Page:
Hazardous Waste Siting

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Hazardous waste siting

Regardless of the specific technologies to be employed, there are many technical and nontechnical considerations to be addressed before hazardous waste can be treated or disposed of at a given location. The specific nature and relative importance of these considerations to the successful siting reflect the chemodynamic behavior (i.e., transport and fate of the waste and/or treated residuals in the environment after emission ) as well as the specifics of the location and associated, proximate areas. Examples of these considerations are: the nature of the soil and hydrogeological features such as depth to and quality of groundwater ; quality, use, and proximity of surface waters; and ambient air quality and meteorological conditions; and nearby critical environmental areas (wetlands , preserves, etc.), if any. Other considerations include surrounding land use ; proximity of residences and other potentially sensitive receptors such as schools, hospitals, parks, etc.; availability of utilities; and the capacity and quality of the roadway system. It is also critical to develop and obtain the timely approval of all appropriate local, state, and federal permits. Associated with these permits is the required documentation of financial viability as established by escrowed closure funds, site insurance, etc. Site-specific standard operating procedures as well as contingency plans for use in emergencies are also required. Additionally, there needs to be baseline and ongoing monitoring plans developed and implemented to determine if there are any releases to or general degradation of the environment. One should also anticipate public hearings before permits are granted. Several states in the United States have specific regulations which restrict the siting of hazardous waste management facilities.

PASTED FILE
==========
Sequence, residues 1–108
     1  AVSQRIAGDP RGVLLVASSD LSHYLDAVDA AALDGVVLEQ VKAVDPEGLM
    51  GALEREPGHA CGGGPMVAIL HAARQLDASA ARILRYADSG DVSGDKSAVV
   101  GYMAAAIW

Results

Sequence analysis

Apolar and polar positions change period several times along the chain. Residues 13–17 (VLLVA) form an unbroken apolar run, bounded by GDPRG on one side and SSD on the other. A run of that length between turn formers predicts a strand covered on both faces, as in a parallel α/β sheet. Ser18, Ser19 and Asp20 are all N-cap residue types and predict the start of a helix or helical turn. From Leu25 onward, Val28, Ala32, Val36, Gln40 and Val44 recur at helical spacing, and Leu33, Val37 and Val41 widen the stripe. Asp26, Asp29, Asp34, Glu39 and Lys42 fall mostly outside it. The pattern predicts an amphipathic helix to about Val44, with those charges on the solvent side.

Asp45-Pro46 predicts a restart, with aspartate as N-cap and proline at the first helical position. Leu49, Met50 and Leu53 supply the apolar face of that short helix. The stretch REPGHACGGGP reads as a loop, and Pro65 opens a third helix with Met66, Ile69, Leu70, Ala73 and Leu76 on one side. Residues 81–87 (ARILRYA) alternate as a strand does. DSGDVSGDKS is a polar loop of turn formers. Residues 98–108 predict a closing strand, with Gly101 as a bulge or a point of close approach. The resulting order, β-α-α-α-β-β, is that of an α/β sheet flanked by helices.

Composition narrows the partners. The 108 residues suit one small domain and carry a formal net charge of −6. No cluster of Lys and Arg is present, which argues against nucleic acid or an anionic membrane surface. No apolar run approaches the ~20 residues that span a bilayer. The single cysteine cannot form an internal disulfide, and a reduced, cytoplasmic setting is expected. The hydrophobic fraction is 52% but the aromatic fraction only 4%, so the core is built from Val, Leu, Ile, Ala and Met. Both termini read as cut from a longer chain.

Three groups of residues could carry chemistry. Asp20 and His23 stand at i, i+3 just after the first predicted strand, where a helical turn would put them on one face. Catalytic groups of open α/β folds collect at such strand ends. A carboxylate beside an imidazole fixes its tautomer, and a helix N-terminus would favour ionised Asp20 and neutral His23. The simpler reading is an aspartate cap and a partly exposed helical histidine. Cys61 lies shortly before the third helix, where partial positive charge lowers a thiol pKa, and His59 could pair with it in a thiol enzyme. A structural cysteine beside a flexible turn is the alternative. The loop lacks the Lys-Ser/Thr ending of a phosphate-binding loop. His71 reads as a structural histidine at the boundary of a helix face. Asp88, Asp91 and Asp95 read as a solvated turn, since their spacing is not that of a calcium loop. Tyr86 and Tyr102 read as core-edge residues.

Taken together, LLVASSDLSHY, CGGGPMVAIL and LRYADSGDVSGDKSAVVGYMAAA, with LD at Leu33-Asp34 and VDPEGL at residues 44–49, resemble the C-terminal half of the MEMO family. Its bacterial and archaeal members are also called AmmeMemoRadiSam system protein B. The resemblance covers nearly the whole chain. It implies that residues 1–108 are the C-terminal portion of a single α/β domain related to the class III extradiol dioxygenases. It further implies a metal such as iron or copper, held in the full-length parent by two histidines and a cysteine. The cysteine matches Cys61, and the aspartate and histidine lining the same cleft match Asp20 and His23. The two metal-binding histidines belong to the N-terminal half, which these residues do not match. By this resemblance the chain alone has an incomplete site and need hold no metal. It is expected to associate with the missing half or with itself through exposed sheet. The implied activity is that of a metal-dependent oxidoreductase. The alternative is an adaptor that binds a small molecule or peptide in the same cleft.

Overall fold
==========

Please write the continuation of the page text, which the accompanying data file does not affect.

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Hazardous Waste Siting

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